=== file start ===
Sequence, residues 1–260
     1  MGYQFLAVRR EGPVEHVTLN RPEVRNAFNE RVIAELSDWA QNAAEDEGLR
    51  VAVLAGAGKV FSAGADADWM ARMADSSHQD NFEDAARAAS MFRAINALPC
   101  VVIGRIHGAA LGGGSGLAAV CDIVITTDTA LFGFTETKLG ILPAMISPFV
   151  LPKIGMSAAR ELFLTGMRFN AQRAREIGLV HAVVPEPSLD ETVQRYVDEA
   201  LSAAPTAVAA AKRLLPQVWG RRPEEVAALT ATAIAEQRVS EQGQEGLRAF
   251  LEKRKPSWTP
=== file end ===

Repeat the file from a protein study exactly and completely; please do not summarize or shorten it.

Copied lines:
Sequence, residues 1–260
     1  MGYQFLAVRR EGPVEHVTLN RPEVRNAFNE RVIAELSDWA QNAAEDEGLR
    51  VAVLAGAGKV FSAGADADWM ARMADSSHQD NFEDAARAAS MFRAINALPC
   101  VVIGRIHGAA LGGGSGLAAV CDIVITTDTA LFGFTETKLG ILPAMISPFV
   151  LPKIGMSAAR ELFLTGMRFN AQRAREIGLV HAVVPEPSLD ETVQRYVDEA
   201  LSAAPTAVAA AKRLLPQVWG RRPEEVAALT ATAIAEQRVS EQGQEGLRAF
   251  LEKRKPSWTP